the school at large,â&#x20AC;? he said. Hallway posters advertise the need for clothing and food, asking anyone to bring in items for Bohlmanâ&#x20AC;&#x2122;s collections. The teacher also wants to foster his own studentsâ&#x20AC;&#x2122; leadership skills. Jake Jang, an eighth grader, assists younger students with the project, even though he says it is his first. â&#x20AC;&#x153;I help make boxes and bring food,â&#x20AC;? he said. He has a positive attitude about the experience, as do many of the young volunteers. Jang asserted that he likes â&#x20AC;&#x153;everythingâ&#x20AC;? about the donations and volunteering. Chris Haney, another eighth grader, referenced â&#x20AC;&#x153;the good feeling you get when you help people.â&#x20AC;? Such good feelings are only part of what Bohlman desires for his students. â&#x20AC;&#x153;The projects teach them to be thankful for what they have,â&#x20AC;? he said. Holy Rosary, a Catholic school, has adopted community service as an important part of the religious curriculum. Though Bohlmanâ&#x20AC;&#x2122;s projects are independently planned and conducted, the school mandates a service requirement of eight

ing more students will seek out volunteer positions outside of class, though a few cited busy schedules as impediments. Bohlman hopes that the monthly projects will encourage volunteer efforts from other students and set a standard for the years ahead. â&#x20AC;&#x153;Itâ&#x20AC;&#x2122;s been successful for opening the eyes of

Henry DeMarais is a junior at Tacoma School of the Arts. He is fascinated by literature, politics and culture and hopes to write and speak professionally about the three.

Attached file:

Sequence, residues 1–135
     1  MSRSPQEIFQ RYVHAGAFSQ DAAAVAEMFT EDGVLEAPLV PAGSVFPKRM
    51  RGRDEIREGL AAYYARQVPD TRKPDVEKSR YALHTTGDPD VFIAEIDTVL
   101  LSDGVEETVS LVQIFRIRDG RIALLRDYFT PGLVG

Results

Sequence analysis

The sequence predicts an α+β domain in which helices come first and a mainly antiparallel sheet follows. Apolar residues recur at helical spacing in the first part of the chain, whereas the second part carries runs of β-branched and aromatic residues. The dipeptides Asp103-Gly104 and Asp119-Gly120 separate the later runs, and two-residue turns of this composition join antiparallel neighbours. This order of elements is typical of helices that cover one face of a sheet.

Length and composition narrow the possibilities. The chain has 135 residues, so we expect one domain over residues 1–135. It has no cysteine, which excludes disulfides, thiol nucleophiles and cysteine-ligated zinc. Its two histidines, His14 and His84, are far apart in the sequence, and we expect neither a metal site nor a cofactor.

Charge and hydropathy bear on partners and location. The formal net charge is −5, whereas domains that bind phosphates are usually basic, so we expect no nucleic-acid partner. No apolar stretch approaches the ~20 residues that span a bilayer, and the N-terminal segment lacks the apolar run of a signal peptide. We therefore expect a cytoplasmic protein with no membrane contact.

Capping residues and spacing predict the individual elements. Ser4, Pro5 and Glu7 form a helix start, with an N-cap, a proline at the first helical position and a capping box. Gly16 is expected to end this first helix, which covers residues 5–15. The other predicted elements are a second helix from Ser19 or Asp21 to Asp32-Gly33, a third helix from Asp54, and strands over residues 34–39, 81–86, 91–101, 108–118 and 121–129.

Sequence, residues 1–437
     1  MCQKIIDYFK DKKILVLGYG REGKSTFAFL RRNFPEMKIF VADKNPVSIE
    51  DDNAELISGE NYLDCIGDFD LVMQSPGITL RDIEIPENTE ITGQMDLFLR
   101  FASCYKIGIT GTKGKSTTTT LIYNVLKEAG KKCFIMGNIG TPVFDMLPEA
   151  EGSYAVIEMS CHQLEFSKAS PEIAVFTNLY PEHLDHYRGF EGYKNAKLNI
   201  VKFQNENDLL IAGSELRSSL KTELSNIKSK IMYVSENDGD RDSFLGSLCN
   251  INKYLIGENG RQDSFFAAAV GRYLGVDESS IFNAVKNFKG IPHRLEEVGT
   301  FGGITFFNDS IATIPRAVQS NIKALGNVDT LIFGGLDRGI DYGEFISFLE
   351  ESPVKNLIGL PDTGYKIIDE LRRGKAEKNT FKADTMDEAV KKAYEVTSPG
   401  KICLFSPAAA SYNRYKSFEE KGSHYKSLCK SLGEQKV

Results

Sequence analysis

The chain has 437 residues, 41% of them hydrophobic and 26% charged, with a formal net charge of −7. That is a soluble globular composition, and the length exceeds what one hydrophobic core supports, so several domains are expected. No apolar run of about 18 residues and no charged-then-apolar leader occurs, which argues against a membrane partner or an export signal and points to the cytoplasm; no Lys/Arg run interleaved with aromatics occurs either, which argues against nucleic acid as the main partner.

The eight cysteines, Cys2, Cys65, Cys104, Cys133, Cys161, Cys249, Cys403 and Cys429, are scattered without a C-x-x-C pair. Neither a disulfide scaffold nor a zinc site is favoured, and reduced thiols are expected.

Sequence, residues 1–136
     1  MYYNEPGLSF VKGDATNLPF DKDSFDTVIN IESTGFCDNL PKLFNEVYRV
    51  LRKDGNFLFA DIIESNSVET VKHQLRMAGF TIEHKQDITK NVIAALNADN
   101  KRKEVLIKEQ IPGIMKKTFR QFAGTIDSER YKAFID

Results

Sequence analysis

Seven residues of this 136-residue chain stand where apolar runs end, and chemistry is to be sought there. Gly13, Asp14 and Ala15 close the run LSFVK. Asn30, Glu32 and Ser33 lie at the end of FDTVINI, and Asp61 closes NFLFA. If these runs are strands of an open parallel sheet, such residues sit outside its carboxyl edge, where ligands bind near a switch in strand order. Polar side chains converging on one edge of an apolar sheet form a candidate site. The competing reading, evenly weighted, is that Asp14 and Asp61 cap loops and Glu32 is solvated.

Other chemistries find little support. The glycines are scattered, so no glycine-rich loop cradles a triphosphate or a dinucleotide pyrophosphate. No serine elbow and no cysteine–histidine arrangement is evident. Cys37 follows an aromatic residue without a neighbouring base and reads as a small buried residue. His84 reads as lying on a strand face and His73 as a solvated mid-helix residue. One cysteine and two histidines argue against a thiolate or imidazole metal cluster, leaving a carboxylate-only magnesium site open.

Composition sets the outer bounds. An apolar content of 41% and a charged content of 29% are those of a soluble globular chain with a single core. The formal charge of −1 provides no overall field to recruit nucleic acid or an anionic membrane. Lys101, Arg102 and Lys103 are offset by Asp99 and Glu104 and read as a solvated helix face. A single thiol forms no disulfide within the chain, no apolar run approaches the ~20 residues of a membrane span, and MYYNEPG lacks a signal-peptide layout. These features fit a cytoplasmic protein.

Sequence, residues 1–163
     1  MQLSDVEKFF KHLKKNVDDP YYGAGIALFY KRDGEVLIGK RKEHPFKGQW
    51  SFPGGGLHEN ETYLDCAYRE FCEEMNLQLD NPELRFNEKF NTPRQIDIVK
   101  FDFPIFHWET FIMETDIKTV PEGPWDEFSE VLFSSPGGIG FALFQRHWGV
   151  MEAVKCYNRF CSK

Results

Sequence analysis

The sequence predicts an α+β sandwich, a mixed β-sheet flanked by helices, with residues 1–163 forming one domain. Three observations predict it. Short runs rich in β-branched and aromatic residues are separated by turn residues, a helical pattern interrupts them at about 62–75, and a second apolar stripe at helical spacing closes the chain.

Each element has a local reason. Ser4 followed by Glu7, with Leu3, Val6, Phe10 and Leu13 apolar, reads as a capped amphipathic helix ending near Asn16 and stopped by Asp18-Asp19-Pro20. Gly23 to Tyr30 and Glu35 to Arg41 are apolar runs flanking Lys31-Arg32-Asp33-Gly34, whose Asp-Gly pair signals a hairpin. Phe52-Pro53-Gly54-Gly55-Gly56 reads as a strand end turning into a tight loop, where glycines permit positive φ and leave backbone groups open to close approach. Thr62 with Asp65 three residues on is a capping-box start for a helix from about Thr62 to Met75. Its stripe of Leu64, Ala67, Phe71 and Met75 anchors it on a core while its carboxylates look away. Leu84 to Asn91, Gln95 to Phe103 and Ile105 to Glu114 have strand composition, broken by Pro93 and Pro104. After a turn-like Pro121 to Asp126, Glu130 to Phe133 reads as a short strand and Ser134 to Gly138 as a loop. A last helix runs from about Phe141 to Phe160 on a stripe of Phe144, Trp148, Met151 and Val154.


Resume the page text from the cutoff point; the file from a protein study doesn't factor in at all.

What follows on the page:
The all-local, all-thetime booster effort Tacoma Shift Happens kicks into high gear Jan. 28 with Shift Happens at Greater Tacoma Convention and Trade Center. This annual event will gather local business and 253 backers for an all-out blitz on local synergy. The free event will have more than 120 vendors and displays that will run from business and non-profits to artists and neighborhood groups showing the voodoo they do with information and samples. Of course, there will be a cash bar. It is Tacoma after all. The vendor roster is a third larger than it was last year.


LOCAL LIVING. The annual Shift Happens gathering next week is set to be

the largest yet.

networking, promotional efforts and business best practices. Also this year will be the announcement of the Indie Awards and the Mayoral State of the City Address, which will also be broadcast on TV Tacoma. The Indie Awards will honor locals in three

â&#x20AC;&#x153;We have a very strong business-to-business portion,â&#x20AC;? organizer Patricia Lecy-Davis said. â&#x20AC;&#x153;We will be making some matches based on surveys people have taken.â&#x20AC;? Along with the rows of vendors in the ballroom, presenters will hold forums and talks about

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)PVW[PJ;LSLZJVWPJ.SHZZLZ/LSW>VTHU[V2LLW+YP]PUN Ethel Stroope, who suffers from macular degeneration sought help for reading, watching television and movies and for seeing street signs at a distance. Bioptic telescopic glasses were prescribed. â&#x20AC;&#x153;These glasses have made it very easy for me to continue my activities both at home and on the road with these glasses. â&#x20AC;&#x153;I should have done this two years ago, says Ms. Stroope.